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Cabin Avionics

When I started my career in aircraft maintenance over 35 years ago, the only common in-flight entertainment was tuning the ADF to a local AM radio station. I was, however, aware of one aircraft with an eight-track tape player. Back then, the owner of that aircraft was considered to be rather flamboyant, and had all the latest equipment.

Steve Watkins   |   1st April 2011
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Steve Watkins Steve Watkins

Steve Watkins is Technical Services Manager, Western Region for Jet Support Services, Inc....
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The Upgrade Process

When I started my career in aircraft maintenance over 35 years ago, the only common in-flight entertainment was tuning the ADF to a local AM radio station. I was, however, aware of one aircraft with an eight-track tape player. Back then, the owner of that aircraft was considered to be rather flamboyant, and had all the latest equipment.

Fast-forward into today, and when the owner of an aircraft decides they need to either refurbish, or update the entertainment system it isn’t a question of if the equipment they want is available, but more to do with defining the entire installation process and estimating just how much it is going to cost.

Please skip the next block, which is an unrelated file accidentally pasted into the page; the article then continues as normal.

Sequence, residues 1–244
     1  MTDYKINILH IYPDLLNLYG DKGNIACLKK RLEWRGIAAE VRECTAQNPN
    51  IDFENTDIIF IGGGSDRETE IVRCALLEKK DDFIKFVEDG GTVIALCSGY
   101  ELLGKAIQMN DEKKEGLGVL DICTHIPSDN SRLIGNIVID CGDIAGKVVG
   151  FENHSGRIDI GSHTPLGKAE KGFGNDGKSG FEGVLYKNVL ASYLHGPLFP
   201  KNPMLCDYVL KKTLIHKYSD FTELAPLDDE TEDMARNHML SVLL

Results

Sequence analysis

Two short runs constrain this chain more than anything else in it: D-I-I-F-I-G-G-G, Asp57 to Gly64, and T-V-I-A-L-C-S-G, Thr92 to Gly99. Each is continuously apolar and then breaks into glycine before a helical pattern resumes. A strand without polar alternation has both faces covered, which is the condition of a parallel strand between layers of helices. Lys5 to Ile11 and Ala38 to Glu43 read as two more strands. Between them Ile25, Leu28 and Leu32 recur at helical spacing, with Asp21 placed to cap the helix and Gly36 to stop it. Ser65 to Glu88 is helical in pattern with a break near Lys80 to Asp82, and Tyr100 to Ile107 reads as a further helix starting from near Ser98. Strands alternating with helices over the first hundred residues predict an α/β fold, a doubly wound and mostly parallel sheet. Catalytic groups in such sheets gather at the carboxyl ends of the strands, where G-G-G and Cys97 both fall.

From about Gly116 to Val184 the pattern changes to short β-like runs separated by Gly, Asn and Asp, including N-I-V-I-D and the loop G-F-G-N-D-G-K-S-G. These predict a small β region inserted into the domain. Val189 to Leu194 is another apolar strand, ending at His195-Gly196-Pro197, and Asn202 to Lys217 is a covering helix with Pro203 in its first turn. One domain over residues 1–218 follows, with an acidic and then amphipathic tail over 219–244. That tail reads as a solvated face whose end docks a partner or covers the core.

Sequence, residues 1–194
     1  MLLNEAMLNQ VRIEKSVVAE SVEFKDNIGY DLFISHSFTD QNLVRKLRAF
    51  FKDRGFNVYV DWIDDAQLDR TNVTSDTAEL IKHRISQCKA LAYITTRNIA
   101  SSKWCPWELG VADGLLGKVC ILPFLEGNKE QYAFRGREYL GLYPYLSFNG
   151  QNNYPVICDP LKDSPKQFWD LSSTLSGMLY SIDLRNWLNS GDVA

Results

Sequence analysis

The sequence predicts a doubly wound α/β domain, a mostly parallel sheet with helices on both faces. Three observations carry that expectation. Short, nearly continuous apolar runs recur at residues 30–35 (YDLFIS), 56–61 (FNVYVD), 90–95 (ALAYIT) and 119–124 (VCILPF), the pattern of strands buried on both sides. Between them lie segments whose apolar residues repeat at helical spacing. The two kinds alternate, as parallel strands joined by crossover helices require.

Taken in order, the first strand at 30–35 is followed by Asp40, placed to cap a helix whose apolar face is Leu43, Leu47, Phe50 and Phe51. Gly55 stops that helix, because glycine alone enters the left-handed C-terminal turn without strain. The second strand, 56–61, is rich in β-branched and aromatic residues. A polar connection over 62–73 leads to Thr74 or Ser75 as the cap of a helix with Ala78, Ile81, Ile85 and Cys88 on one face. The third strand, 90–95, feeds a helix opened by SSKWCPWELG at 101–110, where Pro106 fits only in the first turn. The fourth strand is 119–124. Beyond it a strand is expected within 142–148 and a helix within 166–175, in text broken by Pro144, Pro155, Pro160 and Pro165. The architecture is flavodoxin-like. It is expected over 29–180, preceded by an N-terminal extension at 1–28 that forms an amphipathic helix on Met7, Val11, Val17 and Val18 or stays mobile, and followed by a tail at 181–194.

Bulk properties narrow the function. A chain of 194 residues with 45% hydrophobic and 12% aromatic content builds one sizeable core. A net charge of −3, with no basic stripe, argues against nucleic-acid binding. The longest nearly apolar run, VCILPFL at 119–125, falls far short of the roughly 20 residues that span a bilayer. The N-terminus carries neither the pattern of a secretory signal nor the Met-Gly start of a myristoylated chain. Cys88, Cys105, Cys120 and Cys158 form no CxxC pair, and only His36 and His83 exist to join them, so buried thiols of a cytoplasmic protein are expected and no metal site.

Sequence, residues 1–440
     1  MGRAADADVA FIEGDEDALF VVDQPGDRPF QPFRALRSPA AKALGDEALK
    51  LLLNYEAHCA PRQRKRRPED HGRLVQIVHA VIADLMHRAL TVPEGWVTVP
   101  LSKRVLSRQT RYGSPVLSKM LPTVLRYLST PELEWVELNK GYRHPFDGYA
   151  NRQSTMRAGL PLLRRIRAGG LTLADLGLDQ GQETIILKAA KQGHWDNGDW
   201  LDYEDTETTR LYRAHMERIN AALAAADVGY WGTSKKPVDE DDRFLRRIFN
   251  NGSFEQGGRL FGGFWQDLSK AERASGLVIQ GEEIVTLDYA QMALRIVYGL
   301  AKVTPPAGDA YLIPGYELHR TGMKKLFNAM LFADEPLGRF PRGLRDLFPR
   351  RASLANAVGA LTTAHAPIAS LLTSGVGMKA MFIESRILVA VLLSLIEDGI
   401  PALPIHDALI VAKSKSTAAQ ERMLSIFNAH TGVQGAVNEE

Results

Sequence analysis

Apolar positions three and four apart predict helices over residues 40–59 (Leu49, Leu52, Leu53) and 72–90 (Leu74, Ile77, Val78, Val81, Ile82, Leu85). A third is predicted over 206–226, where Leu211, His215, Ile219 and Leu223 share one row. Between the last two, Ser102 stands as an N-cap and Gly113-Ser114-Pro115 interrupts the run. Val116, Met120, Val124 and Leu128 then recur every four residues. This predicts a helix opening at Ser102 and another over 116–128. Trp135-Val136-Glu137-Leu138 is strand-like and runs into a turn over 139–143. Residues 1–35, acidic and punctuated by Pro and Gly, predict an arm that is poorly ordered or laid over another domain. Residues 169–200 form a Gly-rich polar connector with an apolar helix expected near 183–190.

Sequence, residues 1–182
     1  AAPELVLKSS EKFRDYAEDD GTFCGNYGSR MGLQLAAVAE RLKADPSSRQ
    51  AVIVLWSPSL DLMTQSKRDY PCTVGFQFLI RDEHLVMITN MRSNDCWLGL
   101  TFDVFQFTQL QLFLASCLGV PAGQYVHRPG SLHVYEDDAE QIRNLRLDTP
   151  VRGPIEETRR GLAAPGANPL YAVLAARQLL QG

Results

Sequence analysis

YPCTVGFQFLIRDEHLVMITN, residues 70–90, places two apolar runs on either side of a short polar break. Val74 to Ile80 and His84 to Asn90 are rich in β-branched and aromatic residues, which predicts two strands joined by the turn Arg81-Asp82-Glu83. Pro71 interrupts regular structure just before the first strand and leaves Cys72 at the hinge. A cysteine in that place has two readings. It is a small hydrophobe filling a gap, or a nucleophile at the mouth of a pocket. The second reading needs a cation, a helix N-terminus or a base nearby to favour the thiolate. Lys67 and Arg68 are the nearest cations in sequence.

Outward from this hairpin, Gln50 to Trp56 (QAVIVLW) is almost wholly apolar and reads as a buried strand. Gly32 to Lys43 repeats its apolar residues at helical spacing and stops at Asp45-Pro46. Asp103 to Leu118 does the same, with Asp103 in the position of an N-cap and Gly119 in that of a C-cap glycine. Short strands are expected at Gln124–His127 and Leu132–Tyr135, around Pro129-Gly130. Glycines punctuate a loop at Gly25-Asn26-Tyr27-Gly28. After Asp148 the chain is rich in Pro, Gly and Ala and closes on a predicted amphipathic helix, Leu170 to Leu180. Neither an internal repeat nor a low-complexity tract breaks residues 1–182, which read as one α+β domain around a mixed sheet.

All equipment installed in today’s aircraft has paperwork that is no less than ten times the weight of the equipment being installed…or at least it seems that way, anyway. The hardware consists of the equipment being installed, the racks that the equipment mounts into, and the wires that connect the various elements.

Then come the complex electrical engineering and an extensive approval processes before the job is done.

The entire cabin system being installed must be tested to assure that it will not interfere with other equipment and allow it to operate to its required standards. Next, you have to design and develop an approved MEL (Minimum Equipment List), making sure the newly installed equipment is accounted for, or the aircraft could be grounded due to one of the entertainment systems not working.

 

Installation STC/Vendor Matters…
Installation of the entertainment equipment can be provided by the manufacturer or through a Supplemental Type Certificate (STC) produced by any number of vendors.

Each of these installations has a different group of components and each of those components should have a continued airworthiness inspection program that will have its own set of compliance requirements. An owner/operator needs to be aware of the cost of the equipment as well as the inspections, the intervals, all the labor, and the availability of loaner or exchange units.

Most of this approval process is completed on one aircraft type under an STC. The vendor that obtains the STC approval can then install those approved systems in other aircraft of the same make and model using the previous engineering and approval on each subsequent installation.